Harriet the Linkspam (1 June 2015)

  • All the women I know in video games are tired | Boing Boing (May 29): “For the most part, I still have the same job that I have always had (not that I’m not proud of the growth I’ve had within it over the years). For my friends, the Twine revolutionaries and the vocal Tweeters and the other writers, a great act of deception has occurred: We’ve been in the New York Times and been invited to conferences and told that we are Important Voices, doing Important Work, we’ve been on the news at night and in magazines. We are awash in social capital. But none of it translates to real capital.”
  • tim | “Truth is the first casualty of war.” (May 27): “I know how deep the need to know the truth can go when you’re brought up in a world that seems to be built on lies. We as trans people all come from a world like that, even those of us who only have the fuzziest sense early on that we’re being lied to about who we are. To paraphrase (IIRC) Katha Pollitt, social change is made by people who can’t stand the way things are any more. It’s not made by people who are well-served by the world as it is.”
  • Where Are All The WoC Hackers In Movies? | Model View Culture (May 27): “does the film industry believe that all women techies are white? Women programmers are almost never played by black, latina, native or asian women. The film and TV industry sends the message to women of color that we are not hackers, or at least not supposed to be. Casting hacker characters as primarily white men, and sometimes white women, leaves women of color out of the picture. Lack of representation and exposure is one reason why black women make up the lowest percentage of programmers in the tech industry (less than 1%): if you don’t see anyone who looks like you in a particular field or job, you are less likely to venture into it.”
  • Disability in the Dystopian Future of Mad Max: Fury Road | Women Write About Comics (May 28): “Approximately 15% of the world’s population has some kind of disability, but in pop culture people with disabilities are rarely seen: only 1% of characters have some kind of disability in American television shows.”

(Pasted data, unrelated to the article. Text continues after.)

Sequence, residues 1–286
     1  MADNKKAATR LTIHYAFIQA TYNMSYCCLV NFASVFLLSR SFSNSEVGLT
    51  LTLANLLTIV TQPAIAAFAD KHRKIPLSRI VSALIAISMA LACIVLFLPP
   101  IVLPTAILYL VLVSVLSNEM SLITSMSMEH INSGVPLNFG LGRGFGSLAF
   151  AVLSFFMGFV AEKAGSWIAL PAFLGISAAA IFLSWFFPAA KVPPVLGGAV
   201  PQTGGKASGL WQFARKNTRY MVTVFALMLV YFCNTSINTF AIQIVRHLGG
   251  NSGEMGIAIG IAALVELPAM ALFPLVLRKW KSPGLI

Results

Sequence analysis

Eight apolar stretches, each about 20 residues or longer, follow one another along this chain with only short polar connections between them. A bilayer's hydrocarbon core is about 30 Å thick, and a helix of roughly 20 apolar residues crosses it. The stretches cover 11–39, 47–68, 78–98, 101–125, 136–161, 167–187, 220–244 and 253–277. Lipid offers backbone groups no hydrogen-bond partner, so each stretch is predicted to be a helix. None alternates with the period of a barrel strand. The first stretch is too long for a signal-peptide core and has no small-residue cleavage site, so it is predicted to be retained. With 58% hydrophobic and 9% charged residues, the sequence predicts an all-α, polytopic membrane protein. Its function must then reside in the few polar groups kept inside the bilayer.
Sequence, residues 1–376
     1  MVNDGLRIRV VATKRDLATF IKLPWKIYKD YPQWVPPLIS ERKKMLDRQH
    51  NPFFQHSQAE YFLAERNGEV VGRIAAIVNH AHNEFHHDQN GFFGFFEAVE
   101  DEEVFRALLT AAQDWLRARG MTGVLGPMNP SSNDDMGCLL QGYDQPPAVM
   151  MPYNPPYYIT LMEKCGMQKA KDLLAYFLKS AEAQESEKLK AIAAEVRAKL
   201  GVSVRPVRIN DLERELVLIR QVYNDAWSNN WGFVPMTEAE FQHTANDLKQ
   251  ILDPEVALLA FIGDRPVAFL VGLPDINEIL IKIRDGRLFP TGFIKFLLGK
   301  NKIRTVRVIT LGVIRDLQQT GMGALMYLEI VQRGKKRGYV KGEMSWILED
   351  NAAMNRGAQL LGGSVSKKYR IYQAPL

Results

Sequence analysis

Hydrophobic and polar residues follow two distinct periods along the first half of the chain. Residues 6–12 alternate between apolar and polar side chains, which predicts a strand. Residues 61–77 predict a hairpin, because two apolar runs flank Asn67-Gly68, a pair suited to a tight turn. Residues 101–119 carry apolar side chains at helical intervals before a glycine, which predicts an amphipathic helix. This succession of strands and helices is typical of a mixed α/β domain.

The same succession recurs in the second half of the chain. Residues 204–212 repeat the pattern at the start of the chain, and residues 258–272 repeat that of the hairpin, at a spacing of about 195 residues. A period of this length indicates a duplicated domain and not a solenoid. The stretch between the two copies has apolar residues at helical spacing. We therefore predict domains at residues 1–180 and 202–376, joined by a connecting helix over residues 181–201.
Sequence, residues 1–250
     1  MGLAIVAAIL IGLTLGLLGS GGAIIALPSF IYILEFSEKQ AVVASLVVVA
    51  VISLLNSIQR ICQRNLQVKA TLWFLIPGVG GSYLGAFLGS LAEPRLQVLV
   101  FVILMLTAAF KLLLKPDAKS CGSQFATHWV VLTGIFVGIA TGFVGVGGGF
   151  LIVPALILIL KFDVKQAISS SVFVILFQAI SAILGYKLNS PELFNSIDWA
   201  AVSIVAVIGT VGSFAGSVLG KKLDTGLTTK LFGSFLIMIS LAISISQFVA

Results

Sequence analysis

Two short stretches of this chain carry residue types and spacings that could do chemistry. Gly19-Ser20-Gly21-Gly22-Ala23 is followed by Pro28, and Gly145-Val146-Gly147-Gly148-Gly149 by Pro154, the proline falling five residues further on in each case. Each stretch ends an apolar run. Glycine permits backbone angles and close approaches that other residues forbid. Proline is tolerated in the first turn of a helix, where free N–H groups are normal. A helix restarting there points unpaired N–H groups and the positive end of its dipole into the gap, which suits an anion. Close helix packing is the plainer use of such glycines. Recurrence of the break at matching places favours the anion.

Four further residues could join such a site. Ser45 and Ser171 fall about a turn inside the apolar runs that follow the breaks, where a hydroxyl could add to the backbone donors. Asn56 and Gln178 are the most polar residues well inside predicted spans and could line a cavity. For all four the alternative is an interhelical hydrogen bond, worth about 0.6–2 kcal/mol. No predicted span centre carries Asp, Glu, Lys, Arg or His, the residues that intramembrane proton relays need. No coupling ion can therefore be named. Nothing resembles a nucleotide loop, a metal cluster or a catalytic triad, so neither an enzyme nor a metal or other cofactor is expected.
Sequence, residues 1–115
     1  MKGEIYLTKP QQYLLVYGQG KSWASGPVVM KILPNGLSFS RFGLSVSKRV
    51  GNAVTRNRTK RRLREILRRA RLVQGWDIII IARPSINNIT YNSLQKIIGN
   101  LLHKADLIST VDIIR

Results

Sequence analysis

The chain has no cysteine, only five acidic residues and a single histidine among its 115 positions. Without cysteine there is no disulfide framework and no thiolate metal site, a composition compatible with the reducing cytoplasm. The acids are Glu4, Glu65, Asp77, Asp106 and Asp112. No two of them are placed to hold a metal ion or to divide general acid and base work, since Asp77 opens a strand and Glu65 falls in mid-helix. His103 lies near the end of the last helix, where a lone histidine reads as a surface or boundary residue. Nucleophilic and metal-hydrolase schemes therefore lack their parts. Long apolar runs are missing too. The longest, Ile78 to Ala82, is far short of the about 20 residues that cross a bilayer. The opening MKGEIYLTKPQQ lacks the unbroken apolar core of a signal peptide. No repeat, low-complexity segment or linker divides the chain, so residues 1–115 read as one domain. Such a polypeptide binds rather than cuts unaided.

• Bias against women in science persists, even in egalitarian societies | Ars Technica (May 29): “the researchers found that both implicit and explicit measures suggested a strong association between men and science in all 66 nations included in the study. These implicit stereotypes persisted even in countries where women make up approximately half of the STEM workforce, though explicit biases are weaker in these countries, which suggests that simply educating or employing women in science-related fields is not adequate to break down these long-held biases.”
  • TED turns away mother, baby at conference for women | Mashable (May 29): “A mother and her 5-month-old baby were asked to leave TEDWomen, a conference meant to celebrate the accomplishments and potential of women and girls around the world.”

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Thanks to everyone who suggested links.

2 thoughts on “Harriet the Linkspam (1 June 2015)

  1. ConFigures

    I had a different take on the portrayal of disability in Mad Max: Fury Road. It was a brutal world, and almost every survivor had been affected by violence or radiation poisoning: villains, heroes, anti-heroes, and bystanders alike. Only a very few were the exceptions with no visible issues. Some glorified their differences, some treated them matter-of-fact, one made jokes about his. I didn’t see disability as an indicator of evil or corruption in that movie. It was just part of their harsh world.

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